HDHPs are characterized by higher annual deductibles compared with other traditional health plans and are usually combined with HSAs or health reimbursement arrangements (HRAs).

Employers can make an HSA available for their employees, or individuals can purchase them through most financial institutions. Employer contributions to HSAs are excluded from an employee's gross income and account earnings are also tax-exempt. An HRA is an employer-established benefit plan that is funded entirely by employer contributions. These contributions are also excluded from employees' gross income and there are no limits on the amount that an employer can contribute.

A HDHP with an HSA or HRA provides traditional medical coverage and is a tax-free way for individuals to build savings for future medical expenses. It also gives individuals greater flexibility and discretion over how they use their healthcare benefits.

HMOs are prepaid health plans.

HMO members pay monthly premiums in exchange for comprehensive care for members and families. This care includes doctor visits, hospital stays, emergency care, surgery, lab tests, X-rays and therapy. The HMO arranges healthcare services either directly in its own group practice or through doctors and other healthcare professionals under contract. Usually, the choice of doctors and hospitals are limited to those that have agreements with the HMO to provide care; however, exceptions are made in emergencies or when medically necessary. There may be a small copayment for each office visit, such as $20.00 for a doctor's visit or $50.00 for hospital emergency room treatment.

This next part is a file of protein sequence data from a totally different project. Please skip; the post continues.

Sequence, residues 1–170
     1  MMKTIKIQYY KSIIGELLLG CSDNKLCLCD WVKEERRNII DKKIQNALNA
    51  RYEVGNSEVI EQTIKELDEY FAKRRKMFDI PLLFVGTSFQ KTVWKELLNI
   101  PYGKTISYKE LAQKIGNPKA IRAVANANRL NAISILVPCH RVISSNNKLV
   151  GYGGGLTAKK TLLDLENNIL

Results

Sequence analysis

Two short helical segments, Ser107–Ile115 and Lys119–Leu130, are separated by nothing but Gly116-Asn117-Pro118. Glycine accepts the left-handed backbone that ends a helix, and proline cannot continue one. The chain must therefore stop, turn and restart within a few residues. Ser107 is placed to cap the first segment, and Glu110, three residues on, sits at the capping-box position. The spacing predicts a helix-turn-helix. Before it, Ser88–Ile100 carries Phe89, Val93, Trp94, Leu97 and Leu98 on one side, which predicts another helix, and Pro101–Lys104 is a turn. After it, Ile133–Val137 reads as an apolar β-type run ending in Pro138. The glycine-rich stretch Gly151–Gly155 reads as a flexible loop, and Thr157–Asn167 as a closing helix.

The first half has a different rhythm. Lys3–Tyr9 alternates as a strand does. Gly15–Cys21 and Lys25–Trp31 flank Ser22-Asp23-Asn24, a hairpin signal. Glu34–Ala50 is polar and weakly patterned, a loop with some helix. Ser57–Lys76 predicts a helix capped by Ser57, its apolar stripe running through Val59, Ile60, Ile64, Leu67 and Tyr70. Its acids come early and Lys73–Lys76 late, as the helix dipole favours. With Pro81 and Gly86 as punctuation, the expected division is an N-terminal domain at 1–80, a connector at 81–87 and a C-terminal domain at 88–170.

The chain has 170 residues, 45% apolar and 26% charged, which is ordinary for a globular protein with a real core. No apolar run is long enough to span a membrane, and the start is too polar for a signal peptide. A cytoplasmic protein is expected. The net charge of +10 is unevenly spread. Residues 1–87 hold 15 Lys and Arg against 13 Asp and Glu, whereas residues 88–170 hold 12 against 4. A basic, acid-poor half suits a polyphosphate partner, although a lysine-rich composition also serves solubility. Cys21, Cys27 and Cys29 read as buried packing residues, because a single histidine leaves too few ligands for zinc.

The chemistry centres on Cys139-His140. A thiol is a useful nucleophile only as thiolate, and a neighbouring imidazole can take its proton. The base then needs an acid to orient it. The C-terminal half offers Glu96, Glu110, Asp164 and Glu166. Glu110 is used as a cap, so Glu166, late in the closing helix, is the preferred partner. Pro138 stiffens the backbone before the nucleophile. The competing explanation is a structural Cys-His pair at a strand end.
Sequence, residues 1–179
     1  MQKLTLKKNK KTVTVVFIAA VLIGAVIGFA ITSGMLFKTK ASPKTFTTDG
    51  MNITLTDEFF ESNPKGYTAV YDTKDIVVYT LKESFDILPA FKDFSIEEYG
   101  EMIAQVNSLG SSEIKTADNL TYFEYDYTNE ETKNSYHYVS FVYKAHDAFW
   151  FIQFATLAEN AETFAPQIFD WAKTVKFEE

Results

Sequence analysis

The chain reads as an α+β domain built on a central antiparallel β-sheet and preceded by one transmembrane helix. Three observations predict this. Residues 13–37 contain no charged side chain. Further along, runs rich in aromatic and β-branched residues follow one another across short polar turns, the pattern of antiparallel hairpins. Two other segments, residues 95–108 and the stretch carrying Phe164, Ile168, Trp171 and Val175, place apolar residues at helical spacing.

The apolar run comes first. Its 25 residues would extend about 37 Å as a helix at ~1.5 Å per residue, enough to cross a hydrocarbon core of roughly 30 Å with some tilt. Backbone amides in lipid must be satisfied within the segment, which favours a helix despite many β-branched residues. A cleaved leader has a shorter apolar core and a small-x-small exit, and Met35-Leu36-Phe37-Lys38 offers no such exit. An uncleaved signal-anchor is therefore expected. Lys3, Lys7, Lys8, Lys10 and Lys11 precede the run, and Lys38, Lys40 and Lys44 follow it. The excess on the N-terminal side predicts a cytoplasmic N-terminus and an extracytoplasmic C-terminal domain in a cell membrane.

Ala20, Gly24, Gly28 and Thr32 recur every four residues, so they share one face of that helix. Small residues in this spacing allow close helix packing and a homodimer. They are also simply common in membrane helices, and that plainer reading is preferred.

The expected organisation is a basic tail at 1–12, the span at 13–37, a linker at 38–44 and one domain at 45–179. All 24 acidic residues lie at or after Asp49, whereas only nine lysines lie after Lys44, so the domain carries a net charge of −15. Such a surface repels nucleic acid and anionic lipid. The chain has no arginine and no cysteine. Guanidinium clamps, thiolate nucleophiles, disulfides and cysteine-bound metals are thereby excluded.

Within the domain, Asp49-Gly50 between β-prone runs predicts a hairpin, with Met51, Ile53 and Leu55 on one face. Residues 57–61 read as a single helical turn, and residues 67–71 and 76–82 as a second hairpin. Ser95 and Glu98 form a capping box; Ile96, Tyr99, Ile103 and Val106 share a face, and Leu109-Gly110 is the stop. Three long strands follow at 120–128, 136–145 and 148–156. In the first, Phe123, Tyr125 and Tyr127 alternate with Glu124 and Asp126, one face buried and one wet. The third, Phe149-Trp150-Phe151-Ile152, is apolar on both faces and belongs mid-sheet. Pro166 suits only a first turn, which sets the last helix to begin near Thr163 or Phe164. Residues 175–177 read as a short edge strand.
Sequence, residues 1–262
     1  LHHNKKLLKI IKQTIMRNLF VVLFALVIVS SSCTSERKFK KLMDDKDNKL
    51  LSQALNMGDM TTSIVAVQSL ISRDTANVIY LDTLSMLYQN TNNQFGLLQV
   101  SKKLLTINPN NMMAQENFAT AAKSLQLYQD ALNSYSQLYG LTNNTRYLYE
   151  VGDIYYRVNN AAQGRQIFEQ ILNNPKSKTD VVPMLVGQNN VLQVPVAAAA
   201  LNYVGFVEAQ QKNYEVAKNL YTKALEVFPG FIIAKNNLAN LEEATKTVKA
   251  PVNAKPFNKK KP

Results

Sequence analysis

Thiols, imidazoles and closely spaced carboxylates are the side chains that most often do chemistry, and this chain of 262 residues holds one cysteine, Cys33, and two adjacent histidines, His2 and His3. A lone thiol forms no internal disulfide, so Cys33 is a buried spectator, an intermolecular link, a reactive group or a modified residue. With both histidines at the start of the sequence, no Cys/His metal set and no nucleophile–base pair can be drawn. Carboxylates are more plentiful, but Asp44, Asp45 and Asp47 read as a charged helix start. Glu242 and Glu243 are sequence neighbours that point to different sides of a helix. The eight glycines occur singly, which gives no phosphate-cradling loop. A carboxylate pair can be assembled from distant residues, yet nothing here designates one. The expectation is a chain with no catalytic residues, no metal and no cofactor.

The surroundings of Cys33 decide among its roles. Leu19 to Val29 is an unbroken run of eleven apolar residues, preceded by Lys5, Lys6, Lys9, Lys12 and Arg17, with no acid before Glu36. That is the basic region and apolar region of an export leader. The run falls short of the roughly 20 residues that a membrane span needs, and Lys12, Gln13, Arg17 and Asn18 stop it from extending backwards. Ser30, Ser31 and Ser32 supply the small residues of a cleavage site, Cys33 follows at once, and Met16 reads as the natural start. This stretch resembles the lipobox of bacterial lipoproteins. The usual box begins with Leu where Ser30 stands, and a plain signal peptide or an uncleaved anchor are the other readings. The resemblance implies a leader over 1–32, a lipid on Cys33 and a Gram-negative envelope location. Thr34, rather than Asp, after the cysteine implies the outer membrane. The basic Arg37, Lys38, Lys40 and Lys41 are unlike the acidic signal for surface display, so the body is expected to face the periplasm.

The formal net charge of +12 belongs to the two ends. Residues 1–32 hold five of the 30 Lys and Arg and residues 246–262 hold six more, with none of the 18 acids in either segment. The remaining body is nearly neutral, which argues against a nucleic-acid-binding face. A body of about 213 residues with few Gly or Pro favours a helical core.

Many industry operators generate revenue from processing and paying prescription drug claims.

Pharmacy benefit managers (PBMs) cover all aspects of a prescription drug benefit plan, including creating formularies of preferred medicines, negotiating with drug manufacturers for discounts and rebates, negotiating with pharmacies to establish retail networks for dispensing drugs and establishing automated processes for determining coverage eligibility at the point of sale.

Point-of-service (POS) plans are offered by many HMOs and represent an indemnity-type (or FFS) option.

The primary-care doctors in a POS plan usually make referrals to other providers in the plan. In a POS plan, however, members can refer themselves outside the plan and still get some coverage. If the doctor makes a referral out of the network, the plan pays all or most of the bill, although the policy holder will likely have to make a small copayment.

Conventional FFS plans are the traditional method of payment for healthcare services.

Under this system, payment is made for specific services that are rendered to the patient. This system is in contrast to other health plans, such as salary, retainer or other contract arrangements, where the payment to the physician is not related to the number of services actually used. An insurance company, the patient or a government program, such as Medicare or Medicaid, will make the payment. Under a traditional insurance plan, the insurer pays the majority of medical expenses with collected premiums. The plan participant will usually pay the remaining costs. These costs are generally a small portion of the overall cost of coverage, and they are usually in the form of a deductible or copayment.

Contact Us

Thank you!